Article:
“We would often be startled awake by sounds of distant gunshots,” said Paw Toh Ki, 65, a Karen refugee born in Por Toh village, southern Myanmar; who came to Thailand with her husband and nine children in 1994. “We heard of one neighbouring village after another being burnt to the ground, and lived in constant fear. I never knew what we did wrong to deserve this and didn’t understand why this was happening to people around us. But one day I heard loud shouting in our village. I thought it was going to be OK at first, until the first gunshots were fired. I was frozen in place, my legs wouldn’t move. My husband and children dragged me out the back of the village into the jungle; thankfully my husband had grabbed a knife, a pot and some rice. Other than that, the only things we carried were our children.”
“‘Run! Run! Run! Burma is here’, I heard from afar,” said Saw Pla Eh, 24, a fellow Karen from the same area who was 11 when he fled Myanmar. “My mum grabbed my sister, flung her onto her back and we joined the rest of the village in running for our lives.”
“My mother told me that my dad was in the jungle working as a mahout when Burma came,” said Dam, 23, a Karen refugee and current intern at Citylife. “She had time to grab a bag of rice, and my sister’s and my hand, before seeing her neighbour’s two sons being shot in front of her eyes. That is when she ran.”
“Not knowing where to go, our family wandered down to the nearby river, where it turns out others from our village had also come together through instinct,” continued Paw Toh Ki, who now lives in Minnesota, USA with her family. “A tall dark man — I have no idea who he was — told us that we were going to Thailand. We all simply followed. We walked up and down mountains, through jungles and across rivers for two weeks. We often starved ourselves to feed our children, but thankfully my husband was a good hunter and he would kill monkeys and deer along the way. We drank water from rivers and streams, and some of the people in our group contracted, and eventually died of, malaria.”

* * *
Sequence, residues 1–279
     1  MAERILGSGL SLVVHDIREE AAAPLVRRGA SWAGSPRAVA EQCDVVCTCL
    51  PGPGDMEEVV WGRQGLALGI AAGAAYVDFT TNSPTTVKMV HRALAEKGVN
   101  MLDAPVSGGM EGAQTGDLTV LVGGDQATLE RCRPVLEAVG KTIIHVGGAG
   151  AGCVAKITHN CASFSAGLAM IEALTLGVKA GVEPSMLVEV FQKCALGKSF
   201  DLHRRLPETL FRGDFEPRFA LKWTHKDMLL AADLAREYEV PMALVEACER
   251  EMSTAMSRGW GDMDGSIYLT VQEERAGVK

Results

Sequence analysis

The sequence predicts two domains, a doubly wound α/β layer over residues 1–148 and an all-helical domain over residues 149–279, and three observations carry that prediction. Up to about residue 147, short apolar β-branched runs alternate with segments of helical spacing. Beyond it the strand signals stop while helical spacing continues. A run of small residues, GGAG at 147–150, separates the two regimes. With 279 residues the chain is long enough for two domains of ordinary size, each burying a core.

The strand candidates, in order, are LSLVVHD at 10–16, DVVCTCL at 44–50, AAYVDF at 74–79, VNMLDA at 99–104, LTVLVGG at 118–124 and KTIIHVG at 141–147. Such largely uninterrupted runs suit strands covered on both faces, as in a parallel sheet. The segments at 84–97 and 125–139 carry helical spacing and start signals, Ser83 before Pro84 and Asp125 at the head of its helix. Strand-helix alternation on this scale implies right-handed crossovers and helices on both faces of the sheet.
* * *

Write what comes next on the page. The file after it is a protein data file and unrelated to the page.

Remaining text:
Saw Pla Eh’s family was less prepared, having no time to even grab shoes as they fled their home in 2004. “We found ourselves in a nearby village, where we stayed for a few days,” he said. “Thankfully they kindly gave us some supplies such as rice, but we still had no shoes nor change of clothing when we left to join a caravan of refugees to Thailand. At night, I remember my mother massaging my aching and sore feet, never once complaining about her own. I don’t recall her eating very much at all, but we didn’t starve because our mother always found us something. I do have memories of crouching in silence under the jungle foliage as sounds of gunfire erupted intermittently.”
Dam was only three years old when he fled Myanmar and has no recollection of his journey, though his mother told him that he was so gravely ill that he nearly died. He has since learned that his family was protected by Karen soldiers, but that there were many incidents of gunfire along the way and that they were very lucky to be alive.
Paw Toh Ki had dreams of arriving in Thailand to a new life and new opportunities for her nine children: hopes of education, health and careers. Unfortunately she didn’t immediately end up in a refugee camp. Instead she found herself in a temporary illegal settlement where her family had to go into the jungle to find materials to build their home and beg for manual jobs while hiding from authorities. Whenever they saw a soldier or policeman, they would run into the jungle to hide, or risk fines well beyond their means. Some were luckier, such as Saw Pla Eh’s family who were comforted by the knowledge that they had relatives who were already waiting for them in refugee camps. Dam’s mother, though separated from her husband who remained unawares in the jungle for months until he found his way to his family, was similarly fortunate to have relatives in waiting.
“In the 1970s and ‘80s two million refugees fled into Thailand from Vietnam, Cambodia and Laos,” said Duncan McArthur, from The Border Consortium (TBC). “The United Nations managed the refugee camps on the eastern border, eventually resettling one million people in third countries and supporting the remainder’s return to their countries. However in 1984, when 6,000 Karen refugees crossed Thailand’s western border from Myanmar, the Thai government wanted to limit UN involvement. The Thai government allocated some forest land for the Karen to build bamboo huts and allowed church groups to provide basic food assistance, but it was all very low key and there was no sense that the camps would still be there over 30 years later.”
For centuries, the Karen, Karenni, Shan, Mon and other indigenous groups were like a buffer zone between rival Thai and Burman kingdoms. In the mid 1990s, a combination of military offensives and ceasefire agreements led to the collapse of this buffer. A new wave of refugees fled the fighting and around 40 refugee camps were established, but the offensives often spilled into Thailand and targeted these camps. In reponse, the Thai government consolidated the refugees into nine camps and increased restrictions on movement to improve border security. The United Nations High Commissioner for Refugees (UNHCR) was also invited to monitor the camps and promote refugee protection.